Since Thursday, students and youth in Paris, Rennes, Nantes, Toulouse and other cities across France have held rallies and marched through the city streets. The protests were against the right wing nationalist Marine Le Pen and the liberal Emmanuel Macron who are facing off in the in the second round of the presidential election.
In total, more than 3,000 high school students took to the streets carrying signs exclaiming: “Neither the banker, nor the racist!” and “The real anti-establishment, that is us!” Political slogans could be heard through the streets as students chanted “It is not the immigrants who should be expelled, it is Marine Le Pen!”, "Macron, Le Pen, we do not want them!”, “Their elections, our future!"
During many of the protests, the youth were met by armoured police blocking the marches and dispersing tear gas canisters into the crowds, while surveillance helicopters could be seen in the sky above. One police officer in Rennes even resorted to drawing his pistol and for a brief moment aiming it at the protesters.
In Paris, gathering at Place de la Republique the protest moved towards Boulevard Beaumarchais, where the tension rose between police and students. Anouk, a 16 year-old Parisian student from Lycée Buffon explains how the protests were organised as a peaceful sit-in by high school students from all over Paris. She said: "We disagree with the values put forward by the National Front, and since we do not have the right to vote, we have to express ourselves differently”.
In Lyons the protests escalated as well. Students hung banners on the gates of the town hall, where one read: "By my acts I vote 365 days a year. You who come out only 2 Sundays every 5 years, just vote as you see fit.” At the end of the rally, demonstrators left the Place des Terreaux shouting “down with capitalism”. A group of youths then wanted to cross one of the city-bridges to join the protest on the other side of the river, but were arrested by the police who fired tear gas at them.
The protests across France come after years of political frustration among youths and workers. Current president François Hollande and the French Socialist Party have, despite their promises, implemented countless austerity policies and allowed companies to cut workers' salaries. Meanwhile, youth unemployment still stands at 24.6%. For this, Hollande and the Socialist Party have paid the price, with the party in a deep crisis and their candidate, Benoît Hamon, securing only 6.4% of the votes in Sunday’s first round election. As the last part of the presidential race now pits a racist right-winger against an ex-banker, the frustration among those who face tough conditions continues to increase.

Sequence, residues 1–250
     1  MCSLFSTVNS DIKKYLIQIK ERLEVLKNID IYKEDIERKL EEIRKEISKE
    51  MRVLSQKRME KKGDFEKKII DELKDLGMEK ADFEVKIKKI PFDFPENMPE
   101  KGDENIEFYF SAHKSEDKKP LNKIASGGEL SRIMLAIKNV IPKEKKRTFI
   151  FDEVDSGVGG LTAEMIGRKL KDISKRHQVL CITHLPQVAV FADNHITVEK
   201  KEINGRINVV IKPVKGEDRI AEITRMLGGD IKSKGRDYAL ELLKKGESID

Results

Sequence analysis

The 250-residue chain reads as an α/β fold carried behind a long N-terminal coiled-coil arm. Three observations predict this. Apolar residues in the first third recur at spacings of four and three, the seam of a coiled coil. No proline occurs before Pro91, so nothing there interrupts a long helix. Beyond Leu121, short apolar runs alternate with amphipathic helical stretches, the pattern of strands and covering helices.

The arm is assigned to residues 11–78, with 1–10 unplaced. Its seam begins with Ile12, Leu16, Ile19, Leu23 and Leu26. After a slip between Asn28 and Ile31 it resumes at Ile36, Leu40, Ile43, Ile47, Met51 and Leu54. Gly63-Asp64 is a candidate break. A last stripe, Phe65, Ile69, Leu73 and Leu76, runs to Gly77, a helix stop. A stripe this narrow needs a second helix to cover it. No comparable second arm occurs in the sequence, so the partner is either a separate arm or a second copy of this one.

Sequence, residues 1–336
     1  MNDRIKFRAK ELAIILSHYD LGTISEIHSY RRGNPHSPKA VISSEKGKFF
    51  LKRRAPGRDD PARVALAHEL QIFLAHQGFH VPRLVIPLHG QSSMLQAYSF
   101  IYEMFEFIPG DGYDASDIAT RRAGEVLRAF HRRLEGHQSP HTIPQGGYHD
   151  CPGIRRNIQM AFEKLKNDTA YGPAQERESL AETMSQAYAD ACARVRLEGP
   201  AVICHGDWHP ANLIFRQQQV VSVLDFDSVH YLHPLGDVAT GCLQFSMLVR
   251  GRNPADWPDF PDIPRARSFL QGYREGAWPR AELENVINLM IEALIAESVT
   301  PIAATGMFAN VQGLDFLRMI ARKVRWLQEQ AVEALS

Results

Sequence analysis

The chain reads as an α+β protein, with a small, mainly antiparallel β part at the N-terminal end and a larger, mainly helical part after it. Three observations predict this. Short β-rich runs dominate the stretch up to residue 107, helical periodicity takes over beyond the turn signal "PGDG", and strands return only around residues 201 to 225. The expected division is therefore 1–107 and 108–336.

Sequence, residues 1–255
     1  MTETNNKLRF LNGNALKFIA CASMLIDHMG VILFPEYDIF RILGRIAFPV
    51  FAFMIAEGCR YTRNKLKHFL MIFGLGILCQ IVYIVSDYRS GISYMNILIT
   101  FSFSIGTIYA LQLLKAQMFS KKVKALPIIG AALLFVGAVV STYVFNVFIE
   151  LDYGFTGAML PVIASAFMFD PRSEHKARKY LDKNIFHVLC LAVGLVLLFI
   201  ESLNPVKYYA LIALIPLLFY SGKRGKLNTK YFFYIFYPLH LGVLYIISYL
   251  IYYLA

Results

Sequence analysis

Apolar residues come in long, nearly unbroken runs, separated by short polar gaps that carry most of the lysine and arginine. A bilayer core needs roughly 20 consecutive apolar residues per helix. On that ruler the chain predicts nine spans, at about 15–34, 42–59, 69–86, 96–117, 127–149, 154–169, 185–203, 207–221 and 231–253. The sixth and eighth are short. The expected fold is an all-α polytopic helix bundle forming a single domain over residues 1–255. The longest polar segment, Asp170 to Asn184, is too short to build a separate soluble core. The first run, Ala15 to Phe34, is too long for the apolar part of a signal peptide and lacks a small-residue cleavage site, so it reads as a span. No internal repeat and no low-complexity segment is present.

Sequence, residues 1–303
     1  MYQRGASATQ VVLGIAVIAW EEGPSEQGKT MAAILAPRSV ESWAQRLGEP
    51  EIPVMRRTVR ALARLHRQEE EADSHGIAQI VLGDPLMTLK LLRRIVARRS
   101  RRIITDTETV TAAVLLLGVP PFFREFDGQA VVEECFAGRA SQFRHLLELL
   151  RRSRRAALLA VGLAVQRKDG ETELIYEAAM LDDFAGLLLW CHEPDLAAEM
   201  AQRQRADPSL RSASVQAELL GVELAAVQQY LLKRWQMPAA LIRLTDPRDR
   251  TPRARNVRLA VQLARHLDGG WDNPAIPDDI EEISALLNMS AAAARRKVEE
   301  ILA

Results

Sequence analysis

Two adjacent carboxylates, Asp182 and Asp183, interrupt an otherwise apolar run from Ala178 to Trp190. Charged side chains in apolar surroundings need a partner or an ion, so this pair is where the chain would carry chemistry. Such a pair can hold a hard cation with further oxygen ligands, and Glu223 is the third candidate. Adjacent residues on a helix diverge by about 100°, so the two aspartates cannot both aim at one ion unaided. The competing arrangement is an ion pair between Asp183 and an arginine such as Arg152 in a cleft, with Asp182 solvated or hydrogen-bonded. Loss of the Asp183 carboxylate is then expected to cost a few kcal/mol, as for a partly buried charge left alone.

With left-wing candidate Jean-Luc Mélenchon out of the presidential race, the workers and youth of France only have more capitalist policies of austerity and attacks on living conditions to look forward to. The crisis of French capitalism has, like in many other European countries, expressed itself through a massive political polarisation to the left and to the right. The traditional parties of the establishment, which the ruling class have relied upon for decades, are all in deep crises of legitimacy. The rise of Le Pen to the right and Melenchon to the left is an indication of this process. But the recent protests indicate that a layer amongst the youth are drawing even more radical conclusions. Many of these young people see the crises facing society not only as a result of poor political decision-making, but as a result of the capitalist system. They see no future within the confines of this system and correctly distrust all representatives of the ruling class.
Protests like the ones across France this week show just how fed up many students and workers are with austerity, lies upon lies from politicians and the capitalist system in general. Mélenchon’s massive success, where 30% of voters aged 18 to 24 voted in favor of his movement, is a sign of the potential for radical movements in the next period. The youth who took to the streets this week are reflecting the brewing mood under the surface, and anticipating future developments within the wider youth and the working class. There are undoubtedly more protests on the way and for the workers and youth of France it will only become clearer that the problems facing France, Europe and the entire world cannot be solved within the limits of capitalism. The only solution, as many young people are realising, is “Neither the banker, nor the racist!” but to break with the capitalist system and expropriate the means of production to create a truly fair society.